The actual phrase "separation of church and state" first appears in the judicial usage in a 1944 US Supreme Court decision. The phrase has now been around long enough so that everyone thinks it has been there forever.

Big Mad Dawg
07-07-2012, 03:09
Anyone that has spent time in the Middle East will be able to confirm that the education system is a huge example of failure. Those who can send their family members to a western country for education why they know that their education system turn out undereducated religious fanatical hate mongers.

Madrassa style education for my children? No thanks I want more than brain washed gibberish mumbling idiots.

happyguy
07-07-2012, 04:37
You guys just don't get it. :shakehead:

It's "separation of the Christian church and state."

How could the founders, in the 18th century, envision the religion of peace coming here.

Regards,
Happyguy :)

happyguy
07-07-2012, 04:41
At one time "under God" didn't appear in the pledge of Allegiance and the words "in God we Trust" was not on our currency.

What is the difference from Muslims trying to use the government to promote their religious ideas but the christian feel the above examples are ok?

It doesn't bother me but since we are pointing "hypocrisy of progressive leftists"


Nowhere on our currency or in the pledge does it specifically mention the God of Abraham. In a modern context it could be viewed as a reference to god simply as a belief in a higher power and so encompass all the worlds great religions.

Anyway, the true argument has always been the separation of CHURCH and state, not RELIGION and state. It's simply been twisted in recent years by deceitful and/or ignorant people.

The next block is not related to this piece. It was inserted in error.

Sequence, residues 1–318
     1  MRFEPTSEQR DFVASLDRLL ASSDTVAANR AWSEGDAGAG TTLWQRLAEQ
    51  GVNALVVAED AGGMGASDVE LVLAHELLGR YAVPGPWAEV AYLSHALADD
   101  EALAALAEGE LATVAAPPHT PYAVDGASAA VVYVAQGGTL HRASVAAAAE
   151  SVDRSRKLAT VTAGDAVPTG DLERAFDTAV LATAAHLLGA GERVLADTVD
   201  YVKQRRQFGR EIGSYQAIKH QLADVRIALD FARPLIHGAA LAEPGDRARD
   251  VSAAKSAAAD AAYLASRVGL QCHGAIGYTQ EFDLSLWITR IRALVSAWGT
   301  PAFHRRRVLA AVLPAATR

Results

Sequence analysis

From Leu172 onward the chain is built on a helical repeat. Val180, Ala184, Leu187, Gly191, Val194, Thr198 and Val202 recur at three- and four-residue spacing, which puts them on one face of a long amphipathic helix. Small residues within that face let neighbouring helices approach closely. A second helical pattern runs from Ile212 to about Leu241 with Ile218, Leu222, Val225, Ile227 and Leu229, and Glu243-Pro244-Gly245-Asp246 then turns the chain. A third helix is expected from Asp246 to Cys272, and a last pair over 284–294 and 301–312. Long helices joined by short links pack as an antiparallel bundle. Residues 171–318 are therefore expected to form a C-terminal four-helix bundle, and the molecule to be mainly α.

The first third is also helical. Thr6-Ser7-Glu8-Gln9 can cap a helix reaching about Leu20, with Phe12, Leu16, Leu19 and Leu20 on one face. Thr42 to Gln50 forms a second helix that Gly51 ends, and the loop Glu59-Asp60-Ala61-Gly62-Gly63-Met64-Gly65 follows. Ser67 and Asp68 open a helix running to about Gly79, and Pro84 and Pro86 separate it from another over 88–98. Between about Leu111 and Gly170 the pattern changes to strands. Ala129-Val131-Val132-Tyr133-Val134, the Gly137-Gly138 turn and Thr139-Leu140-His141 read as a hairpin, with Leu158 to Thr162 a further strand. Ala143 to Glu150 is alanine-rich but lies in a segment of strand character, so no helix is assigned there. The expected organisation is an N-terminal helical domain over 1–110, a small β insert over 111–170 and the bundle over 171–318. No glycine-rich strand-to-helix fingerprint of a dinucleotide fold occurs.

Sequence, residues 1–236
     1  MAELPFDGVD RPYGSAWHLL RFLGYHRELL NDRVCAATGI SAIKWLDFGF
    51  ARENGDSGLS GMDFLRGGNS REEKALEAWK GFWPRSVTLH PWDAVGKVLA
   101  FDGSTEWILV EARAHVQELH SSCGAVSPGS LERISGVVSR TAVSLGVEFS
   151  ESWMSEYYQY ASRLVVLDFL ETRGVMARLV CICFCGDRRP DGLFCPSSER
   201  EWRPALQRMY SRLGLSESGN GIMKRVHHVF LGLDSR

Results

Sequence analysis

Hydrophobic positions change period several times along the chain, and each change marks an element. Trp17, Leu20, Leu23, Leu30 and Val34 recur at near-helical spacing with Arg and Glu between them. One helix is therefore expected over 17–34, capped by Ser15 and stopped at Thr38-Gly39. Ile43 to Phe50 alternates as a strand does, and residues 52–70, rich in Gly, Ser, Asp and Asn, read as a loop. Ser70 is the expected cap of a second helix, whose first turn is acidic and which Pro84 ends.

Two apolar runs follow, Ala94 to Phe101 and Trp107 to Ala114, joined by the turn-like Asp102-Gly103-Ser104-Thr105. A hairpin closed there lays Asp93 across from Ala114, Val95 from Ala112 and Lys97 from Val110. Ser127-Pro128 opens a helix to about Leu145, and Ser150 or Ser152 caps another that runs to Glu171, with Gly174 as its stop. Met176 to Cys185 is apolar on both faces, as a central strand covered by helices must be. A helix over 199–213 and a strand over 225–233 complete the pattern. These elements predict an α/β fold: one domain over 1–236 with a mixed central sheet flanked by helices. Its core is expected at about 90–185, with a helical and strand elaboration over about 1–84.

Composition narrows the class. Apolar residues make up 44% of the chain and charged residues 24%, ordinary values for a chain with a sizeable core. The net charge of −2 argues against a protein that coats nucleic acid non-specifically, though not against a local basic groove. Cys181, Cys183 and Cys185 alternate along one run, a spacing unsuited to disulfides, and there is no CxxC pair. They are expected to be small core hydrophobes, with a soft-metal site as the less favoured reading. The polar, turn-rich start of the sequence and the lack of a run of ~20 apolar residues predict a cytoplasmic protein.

One also, wonders if your failure to capitalize Christian is a slip or accidental.

Regards,
Happyguy :)

Bren
07-07-2012, 04:43
Just for the heck of it I have to ask,

you do know that documents obtained, from the Kremlin, after the fall of the wall showed that McCarthy was not that far off base, don't you?

And? Nothing to do with my point, which is that the references to god in the pledge and on money are recent inventions - part of the "godless communists" theme of the 50's - rather than something coming from the founding of the country, like a lot of christians seem to think.

Bren
07-07-2012, 04:49
The actual phrase "separation of church and state" first appears in the judicial usage in a 1944 US Supreme Court decision. The phrase has now been around long enough so that everyone thinks it has been there forever.

The first "judicial usage" I find in a quick Westlaw search is an 1825 New York divorce case, in the Chancery Court of New York. However, there are many, many cases using the term, even here in Kentucky, between then and 1944. "As such it is the law of this land, except in those cases where the proceedings are had in the ecclesiastical courts, solely pro salute animarum, and excepting those cases in which the separation of church and state and our own political institutions have abrogated this part of the English law." ELIZABETH BURTIS v. JOHN BURTIS, Hopk. Ch. 557, 561 (1825). Maybe your source meant that it was the first U.S. Supreme Court usage, but even that would be wrong: "a wall of separation between church and State...." - the first U.S. Supreme Court reference I can find is actually quoting Thomas Jefferson on the subject, in a polygamy case in 1878. Reynolds v. U.S., 98 U.S. 145, 164 (1878).